Just as there are three functions in harmony - Tonic, Dominant, and Subdominant - there are also three degrees which can take on each of those functions, depending on contextual harmonic factors. The primary tonic is the first degree of the mode of the moment, of course, but in the proper harmonic contexts chords on the sixth and third degrees can function as tonic substitutes. Then, the primary dominant occupies the fifth degree, but with the right contextual implications, chords on the third and seventh degrees can function as dominants too (On the third degree in minor resides the derivation for the augmented triad, remember: In the major mode the minor on the third degree doesn't work so well). Finally, the primary subdominant sonority on the fourth degree can have the chords on the second and sixth degrees substitute for it: This is the series-implied origin of the first-tier secondary subdominants.
In Examples 1, 2, and 3 on the top system I have shown the modal interchange derivation for the first-tier secondary subdominants. The idea is to get Lydian sonorities on the second, fourth, and sixth degrees. The fourth degree is diatonic to the major mode, the lowered sixth degree is borrowed from the parallel minor, and the Neapolitan-derived Lydian sonority comes from the parallel Phrygian mode (Where it is used directly and in root position all the time in Flamenco music).
Derivations for the second-tier secondary subdominants are demonstrated on the second system: The Lydian sonority on the lowered seventh degree comes from the parallel Mixolydian, and the Lydian sonority on the lowered third degree comes from the parallel Dorian.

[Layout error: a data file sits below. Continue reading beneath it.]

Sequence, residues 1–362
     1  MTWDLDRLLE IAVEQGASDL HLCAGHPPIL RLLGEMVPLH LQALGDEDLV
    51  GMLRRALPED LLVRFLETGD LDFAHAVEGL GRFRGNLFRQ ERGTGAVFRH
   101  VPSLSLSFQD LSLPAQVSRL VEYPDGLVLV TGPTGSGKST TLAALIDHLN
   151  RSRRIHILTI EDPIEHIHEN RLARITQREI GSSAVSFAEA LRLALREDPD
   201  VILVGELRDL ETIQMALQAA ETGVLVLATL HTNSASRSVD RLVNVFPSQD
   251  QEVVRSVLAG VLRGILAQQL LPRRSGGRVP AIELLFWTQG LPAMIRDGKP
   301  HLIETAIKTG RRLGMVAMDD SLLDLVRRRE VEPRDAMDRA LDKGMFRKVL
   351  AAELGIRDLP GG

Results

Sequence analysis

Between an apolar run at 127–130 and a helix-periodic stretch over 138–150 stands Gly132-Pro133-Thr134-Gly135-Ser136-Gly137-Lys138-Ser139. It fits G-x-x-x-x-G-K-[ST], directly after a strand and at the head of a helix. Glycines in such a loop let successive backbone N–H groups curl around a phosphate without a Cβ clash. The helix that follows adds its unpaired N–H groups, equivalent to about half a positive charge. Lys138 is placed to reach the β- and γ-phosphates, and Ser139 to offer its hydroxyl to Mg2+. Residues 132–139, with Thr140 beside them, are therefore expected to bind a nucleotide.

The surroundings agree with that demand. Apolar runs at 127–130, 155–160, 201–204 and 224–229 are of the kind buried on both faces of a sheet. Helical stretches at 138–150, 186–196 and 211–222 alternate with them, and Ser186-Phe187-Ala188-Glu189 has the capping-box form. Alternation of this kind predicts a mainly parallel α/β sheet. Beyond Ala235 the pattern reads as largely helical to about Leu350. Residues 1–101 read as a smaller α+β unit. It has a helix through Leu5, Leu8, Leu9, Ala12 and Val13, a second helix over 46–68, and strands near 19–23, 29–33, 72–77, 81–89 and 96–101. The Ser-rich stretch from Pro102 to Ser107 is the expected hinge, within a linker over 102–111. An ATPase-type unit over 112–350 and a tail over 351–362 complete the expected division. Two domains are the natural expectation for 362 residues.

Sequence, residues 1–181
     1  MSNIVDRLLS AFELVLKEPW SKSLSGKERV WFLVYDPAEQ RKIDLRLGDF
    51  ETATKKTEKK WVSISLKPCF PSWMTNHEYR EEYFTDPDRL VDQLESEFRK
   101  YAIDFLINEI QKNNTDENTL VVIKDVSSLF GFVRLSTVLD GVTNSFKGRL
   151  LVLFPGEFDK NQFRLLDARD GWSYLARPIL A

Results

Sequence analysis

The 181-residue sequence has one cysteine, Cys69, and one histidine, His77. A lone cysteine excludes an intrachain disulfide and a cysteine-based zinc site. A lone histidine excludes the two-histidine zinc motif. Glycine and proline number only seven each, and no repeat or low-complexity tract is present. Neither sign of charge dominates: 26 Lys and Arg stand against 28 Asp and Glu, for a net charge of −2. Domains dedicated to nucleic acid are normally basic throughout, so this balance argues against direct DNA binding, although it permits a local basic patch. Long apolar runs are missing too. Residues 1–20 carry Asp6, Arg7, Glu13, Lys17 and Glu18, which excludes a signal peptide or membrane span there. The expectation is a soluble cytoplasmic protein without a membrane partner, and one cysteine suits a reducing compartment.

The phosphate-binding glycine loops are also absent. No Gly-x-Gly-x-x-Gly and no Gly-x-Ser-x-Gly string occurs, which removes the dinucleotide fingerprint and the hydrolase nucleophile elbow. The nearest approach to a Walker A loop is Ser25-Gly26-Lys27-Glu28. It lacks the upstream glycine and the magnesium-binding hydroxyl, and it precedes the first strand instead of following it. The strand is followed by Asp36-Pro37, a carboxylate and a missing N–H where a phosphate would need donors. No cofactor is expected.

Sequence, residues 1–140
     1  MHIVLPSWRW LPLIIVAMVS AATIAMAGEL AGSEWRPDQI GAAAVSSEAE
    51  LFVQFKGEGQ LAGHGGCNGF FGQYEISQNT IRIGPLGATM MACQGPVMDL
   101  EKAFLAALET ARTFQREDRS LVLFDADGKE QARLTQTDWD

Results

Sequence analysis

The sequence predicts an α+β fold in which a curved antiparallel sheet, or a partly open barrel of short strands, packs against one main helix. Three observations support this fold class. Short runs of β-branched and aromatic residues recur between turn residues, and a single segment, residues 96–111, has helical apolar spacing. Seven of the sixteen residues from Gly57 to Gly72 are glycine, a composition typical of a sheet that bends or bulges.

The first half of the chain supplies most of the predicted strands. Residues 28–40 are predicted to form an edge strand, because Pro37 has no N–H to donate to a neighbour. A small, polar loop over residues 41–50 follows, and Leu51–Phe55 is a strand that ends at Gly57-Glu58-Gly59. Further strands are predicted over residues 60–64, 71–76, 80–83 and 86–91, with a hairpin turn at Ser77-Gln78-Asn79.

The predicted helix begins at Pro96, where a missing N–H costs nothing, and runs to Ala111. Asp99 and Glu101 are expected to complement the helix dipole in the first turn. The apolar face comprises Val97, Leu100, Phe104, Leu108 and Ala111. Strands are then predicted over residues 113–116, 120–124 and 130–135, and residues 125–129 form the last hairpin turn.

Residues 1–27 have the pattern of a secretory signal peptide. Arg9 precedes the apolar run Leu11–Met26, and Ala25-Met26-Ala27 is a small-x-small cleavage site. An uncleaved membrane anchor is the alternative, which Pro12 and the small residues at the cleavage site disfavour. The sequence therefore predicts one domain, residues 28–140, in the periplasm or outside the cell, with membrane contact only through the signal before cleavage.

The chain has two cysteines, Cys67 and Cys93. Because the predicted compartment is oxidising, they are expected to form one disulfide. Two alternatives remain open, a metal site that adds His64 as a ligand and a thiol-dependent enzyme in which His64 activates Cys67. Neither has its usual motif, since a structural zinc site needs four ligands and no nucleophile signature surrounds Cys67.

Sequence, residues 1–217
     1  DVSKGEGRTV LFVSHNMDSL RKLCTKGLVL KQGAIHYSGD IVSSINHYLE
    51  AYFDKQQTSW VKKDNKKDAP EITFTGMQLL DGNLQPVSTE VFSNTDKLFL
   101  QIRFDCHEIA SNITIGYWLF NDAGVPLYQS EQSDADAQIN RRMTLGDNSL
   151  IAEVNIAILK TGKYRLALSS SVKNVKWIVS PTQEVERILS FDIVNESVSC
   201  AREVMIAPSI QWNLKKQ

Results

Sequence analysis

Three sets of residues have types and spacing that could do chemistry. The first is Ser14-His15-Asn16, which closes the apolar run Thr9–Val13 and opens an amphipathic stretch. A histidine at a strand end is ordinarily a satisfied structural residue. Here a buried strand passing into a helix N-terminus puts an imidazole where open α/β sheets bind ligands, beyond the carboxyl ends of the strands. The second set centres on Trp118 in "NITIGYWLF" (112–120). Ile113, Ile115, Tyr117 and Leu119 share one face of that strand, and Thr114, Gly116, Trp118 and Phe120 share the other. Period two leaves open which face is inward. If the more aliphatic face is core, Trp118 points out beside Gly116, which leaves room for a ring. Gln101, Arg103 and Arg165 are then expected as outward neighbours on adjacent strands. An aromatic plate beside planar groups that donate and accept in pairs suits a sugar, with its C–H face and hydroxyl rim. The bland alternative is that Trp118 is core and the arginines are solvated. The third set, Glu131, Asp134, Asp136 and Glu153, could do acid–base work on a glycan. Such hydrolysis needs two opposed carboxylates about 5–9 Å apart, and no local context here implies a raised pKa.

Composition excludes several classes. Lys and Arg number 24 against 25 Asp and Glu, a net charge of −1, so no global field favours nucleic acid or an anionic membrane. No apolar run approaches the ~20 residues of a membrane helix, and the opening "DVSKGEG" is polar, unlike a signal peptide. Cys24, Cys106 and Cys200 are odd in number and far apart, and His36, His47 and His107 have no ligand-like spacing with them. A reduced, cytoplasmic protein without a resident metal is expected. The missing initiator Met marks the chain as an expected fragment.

Together these two tiers of secondary subdominants, when combined with the primary dominant and the tonic, create a harmonized scale of all major triads: I bII bIII IV V bVI and bVII. I use this poly-modal system all the time in harmonic writing - especially in the preludes I compose - and as I said, I started picking this up intuitively from Pete Townshend's music as far back as the 70's.
Though in traditional music the secondary subdominants have been used primarily as dominant preparations (And so their use in traditional music has been rather limited and... well... boring), what I and guitarists such as Pete Townshend like to do (And some of the contemporary jazz guys as well) is to use these chords as a complete system - just like the secondary dominant system - to create harmonic continuities which are primarily subdominant in nature, just as the secondary dominant system allows for primarily dominant-function continuities. Later, I will show how the secondary dominant system and the secondary subdominant system are joined at the hip, so to speak, and are both extrapolated by implication from the series.
In Example 6 I have demonstrated a continuity of all major triads which has only tonic and subdominant function. If the parallel nature of the bII to I resolution at the repeat is bothersome to any of you, the bII may be morphed into a minor chord on the fourth degree (A secondary first-tier secondary subdominant, if you will) by lowering the d-flat to c-natural in the second half of the fourth measure: Jazz and rock guys couldn't care less, of course.
Though I have demonstrated these over real roots in the bass part, in vernacular usage these types of continuities most often appear over pedal points or ostinatos.
The subdominant modulating triadic continuity of Example 7 is a progression that I used to write a jazzy Concerto Grosso over back in the mid-90's (Which reminds me I ought to get that out and freshen it up). I made it entirely out of this progression, so it is a sort of Passacaglia or Chaconne, and I used a myriad of different ostinatos which give it a very driving rhythmic character.